Nicholas Saad and his Lebanese-style hash. Lester Black

He is the only person at his company who knows how to make it. He produces it at night in a locked room. While he's in there, he puts a glove on the exterior door handle, warning other employees they are not welcome inside.

"We have a unique process that I came up with that is the best approximation, as far as I can tell, of how they make it in the Middle East," said Nicholas Saad, referring to his Lebanese-style hash.

I'd been looking for good hash locally for years, but it's nearly impossible to find in Washington's legal market, even though it's the most popular way to get high in places like Europe and the Middle East, places where it's easier to find than basic flower.

We have plenty of hash in this state, but it is essentially all American-style hash, which is runnier, lighter in color, and fundamentally different than what Saad is making.

"We get a lot of people from Europe and the Middle East. And when they see it, they freak out," Saad said.

He was giving me a tour of his pot-processing company, Sitka. He pulled out a dark, rectangular puck of hash from a box. He grabbed it with both hands and started to tear it down the middle—traditional hash is both pliable and stiff, like Play-Doh left to dry for too long. I was in a pot processing plant in North Seattle—but as soon I saw the chunk slowly ripping apart, I may as well have been in Morocco or Lebanon or Nepal.

Washington's pot processors just don't seem to know how to make traditional, old-world hash, which is why Saad protects his trade secret in a locked room with a glove on the door handle.

I'm just happy someone is making it. I have traveled the world enjoying hash's deep, earthy aroma and relaxing high. Smoking hash reminds me of getting high on rooftops above Moroccan markets, of puffing on bowls of the dark stuff in the Himalayas, of smoking mixed tobacco and hash spliffs in Portuguese jazz clubs.

While much of the allure for me is probably based on the romantic memories of getting high with strangers in faraway places, there is actually something unique in this pot product. When researchers in Europe studied the aromatic compounds found in hash, called terpenes, they discovered an entirely new compound, according to research published in the Journal of Chromatography in 2014.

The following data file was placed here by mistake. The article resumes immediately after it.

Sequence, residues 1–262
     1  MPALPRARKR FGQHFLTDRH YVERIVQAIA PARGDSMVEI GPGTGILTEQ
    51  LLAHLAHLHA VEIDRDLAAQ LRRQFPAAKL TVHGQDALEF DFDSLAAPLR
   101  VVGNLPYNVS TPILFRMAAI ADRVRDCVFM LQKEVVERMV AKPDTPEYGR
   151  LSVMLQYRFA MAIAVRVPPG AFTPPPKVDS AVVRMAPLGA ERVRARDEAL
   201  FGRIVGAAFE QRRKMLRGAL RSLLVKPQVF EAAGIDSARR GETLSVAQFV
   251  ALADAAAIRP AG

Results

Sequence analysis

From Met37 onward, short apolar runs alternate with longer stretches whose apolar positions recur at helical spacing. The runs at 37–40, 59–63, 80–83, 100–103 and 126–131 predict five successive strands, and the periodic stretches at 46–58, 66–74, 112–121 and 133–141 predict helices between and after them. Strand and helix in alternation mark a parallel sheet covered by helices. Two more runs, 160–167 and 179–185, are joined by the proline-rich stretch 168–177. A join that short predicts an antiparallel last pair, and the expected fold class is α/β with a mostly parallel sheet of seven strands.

"Most unexpectedly, we could demonstrate hashish samples as containing remarkable amounts of a rare and unusual monoterpene," the authors wrote.

The researchers named this new terpene hashishene, because it is not found in abundance in any other product in the world, not even pot. This is something entirely unique to traditional hash.

Sitka produces a few different versions of hash, all of which are rich and tasty. Lebanese Gold is a mix of sativa strains. Lebanese Red is a mix of indica strains. Cascade Cream is hash mixed with some CO2 extract to add more of a punch. They also produce one strain-specific hash (made from Blue Dream) and joints infused with hash (including a variety that is a normal joint wrapped in a shell of hash—it's crazy).

How do you smoke this exotic hash? Good question. Unlike the hash that you usually find in Washington stores, this stuff will not work well in your dab rig. The best way to smoke it is to roll it into a joint (or, even better, mix in some tobacco for a hash spliff) or roll a few balls on top of a bowl of pot.

Light it up, close your eyes, and you'll be sitting in the Himalayas. At least, I will.